Saturday, February 3, 2018

National Women Physicians Day: We Stand on the Shoulders of Titans #NWPD





Februrary 3rd is officially recognized as National Women Physicians Day (NWPD), commemorating the birthday of Elizabeth Blackwell, the first woman in the U.S. to earn a Medical Degree.  Allegedly admitted to medical school as a practical joke, she completed her studies despite vocal critics who viewed her gender as inferior. From my perspective, this holiday honors many brave women who trailblazed the path toward gender equality – one we continue to negotiate today. 

A hugely instrumental figure in the movement was born and raised here in Kitsap County, Dr. Esther Clayson Pohl Lovejoy.  She was a pioneering medical doctor, a suffragist, a health policy advocate, and later, a congressional candidate.  Born in Seabeck, Washington Territory in 1869, she spent her formative years in Kitsap County, where she attended primary school, attaining high marks. 

She had a working-class upbringing, spending her youth employed at the Bay View Hotel, which her family operated.  As a result of her conscripted childhood, she vowed to find a career she loved which had a meaningful impact.  After her family moved to Portland, Esther met Dr. Callie Brown Charlton, who became both a friend and mentor.  Despite being widowed with a young daughter, Dr. Charlton made her way in medicine against social and financial obstacles.  When asked for career advice, Charlton told her medicine “was the best vocation possible for a woman.”  Dr. Charlton was right.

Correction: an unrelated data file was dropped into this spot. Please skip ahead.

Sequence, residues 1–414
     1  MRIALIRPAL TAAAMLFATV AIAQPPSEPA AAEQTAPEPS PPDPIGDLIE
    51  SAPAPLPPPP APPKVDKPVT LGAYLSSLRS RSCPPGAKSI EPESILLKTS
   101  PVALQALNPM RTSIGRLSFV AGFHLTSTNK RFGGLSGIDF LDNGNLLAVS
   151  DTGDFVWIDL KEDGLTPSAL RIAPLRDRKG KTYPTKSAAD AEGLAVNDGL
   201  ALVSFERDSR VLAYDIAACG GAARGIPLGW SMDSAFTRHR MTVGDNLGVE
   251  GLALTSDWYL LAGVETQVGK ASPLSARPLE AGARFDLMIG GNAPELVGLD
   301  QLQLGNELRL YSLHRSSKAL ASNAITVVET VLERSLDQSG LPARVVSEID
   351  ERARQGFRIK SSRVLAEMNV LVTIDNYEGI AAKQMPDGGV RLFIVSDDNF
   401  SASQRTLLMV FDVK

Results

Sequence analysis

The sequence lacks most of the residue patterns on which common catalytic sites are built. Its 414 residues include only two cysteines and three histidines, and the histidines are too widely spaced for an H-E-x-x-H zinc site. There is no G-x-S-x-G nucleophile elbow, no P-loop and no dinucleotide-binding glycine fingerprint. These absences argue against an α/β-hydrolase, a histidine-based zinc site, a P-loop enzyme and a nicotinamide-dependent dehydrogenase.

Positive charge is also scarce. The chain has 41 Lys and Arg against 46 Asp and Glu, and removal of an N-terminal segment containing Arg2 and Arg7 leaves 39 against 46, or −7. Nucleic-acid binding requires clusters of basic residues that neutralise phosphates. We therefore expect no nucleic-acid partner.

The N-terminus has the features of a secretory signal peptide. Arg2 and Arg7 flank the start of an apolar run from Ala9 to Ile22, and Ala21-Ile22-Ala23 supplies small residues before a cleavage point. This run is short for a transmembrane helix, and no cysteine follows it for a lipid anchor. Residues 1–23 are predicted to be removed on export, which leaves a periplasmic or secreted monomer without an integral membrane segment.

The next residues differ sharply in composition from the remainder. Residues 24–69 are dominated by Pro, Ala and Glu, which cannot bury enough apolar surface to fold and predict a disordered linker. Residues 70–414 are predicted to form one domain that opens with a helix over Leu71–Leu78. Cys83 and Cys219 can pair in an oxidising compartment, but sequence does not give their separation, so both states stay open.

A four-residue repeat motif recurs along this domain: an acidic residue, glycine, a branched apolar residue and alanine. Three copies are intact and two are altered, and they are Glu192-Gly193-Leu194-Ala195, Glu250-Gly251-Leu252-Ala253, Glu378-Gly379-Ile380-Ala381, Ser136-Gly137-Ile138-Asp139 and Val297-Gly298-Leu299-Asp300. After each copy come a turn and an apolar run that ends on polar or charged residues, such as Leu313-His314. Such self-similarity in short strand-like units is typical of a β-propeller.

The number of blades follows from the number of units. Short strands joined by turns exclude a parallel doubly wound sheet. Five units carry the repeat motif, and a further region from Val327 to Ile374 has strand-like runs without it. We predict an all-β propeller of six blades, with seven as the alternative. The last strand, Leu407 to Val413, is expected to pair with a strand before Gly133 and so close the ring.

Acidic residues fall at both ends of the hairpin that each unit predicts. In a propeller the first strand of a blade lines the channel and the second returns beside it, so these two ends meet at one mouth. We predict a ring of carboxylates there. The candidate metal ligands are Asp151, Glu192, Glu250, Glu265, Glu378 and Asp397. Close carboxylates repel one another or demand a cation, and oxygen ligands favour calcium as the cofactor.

Medical education for women in the United States in the nineteenth and early twentieth centuries was shaped by region.  Attitudes in the West were more favorable to women doctors, affording some advantages. Esther Lovejoy began coursework at the University of Oregon Medical Department (UOMD) in the fall of 1890, earning tuition money by working as a department store clerk.  Despite earning a medical degree with honors, professors rejected her application for an internship, and male physicians refused to work with her.  Even with these impediments, she opened a medical practice in Portland with her husband, a surgeon. Her notoriety grew, and her practice flourished. 

Dr. Lovejoy was appointed as the Health Officer for Portland, and in that role, was a staunch public health advocate, believing healthy communities were the responsibility of citizens and their government.  At the same time educational and vocational opportunities expanded for women, the suffragist movement gained momentum.  Dr. Lovejoy thought voting rights for women were pivotal to keep homes and cities healthy.  She had a hand in women being granted the right to vote in Oregon, which was achieved in 1912.   She continued working with the National American Woman Suffrage Association (NAWSA) to pass the Nineteenth Amendment, a feat considered the single greatest achievement for women in the last century.